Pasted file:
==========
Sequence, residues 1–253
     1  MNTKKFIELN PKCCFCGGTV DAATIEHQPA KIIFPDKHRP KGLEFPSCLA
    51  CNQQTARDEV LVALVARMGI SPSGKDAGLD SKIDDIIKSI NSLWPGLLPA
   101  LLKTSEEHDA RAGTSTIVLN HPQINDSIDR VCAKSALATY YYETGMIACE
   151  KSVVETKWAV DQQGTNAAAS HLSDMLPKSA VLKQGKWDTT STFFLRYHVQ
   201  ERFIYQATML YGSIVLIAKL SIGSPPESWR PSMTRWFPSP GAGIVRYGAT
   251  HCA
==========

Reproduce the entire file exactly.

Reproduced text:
Sequence, residues 1–253
     1  MNTKKFIELN PKCCFCGGTV DAATIEHQPA KIIFPDKHRP KGLEFPSCLA
    51  CNQQTARDEV LVALVARMGI SPSGKDAGLD SKIDDIIKSI NSLWPGLLPA
   101  LLKTSEEHDA RAGTSTIVLN HPQINDSIDR VCAKSALATY YYETGMIACE
   151  KSVVETKWAV DQQGTNAAAS HLSDMLPKSA VLKQGKWDTT STFFLRYHVQ
   201  ERFIYQATML YGSIVLIAKL SIGSPPESWR PSMTRWFPSP GAGIVRYGAT
   251  HCA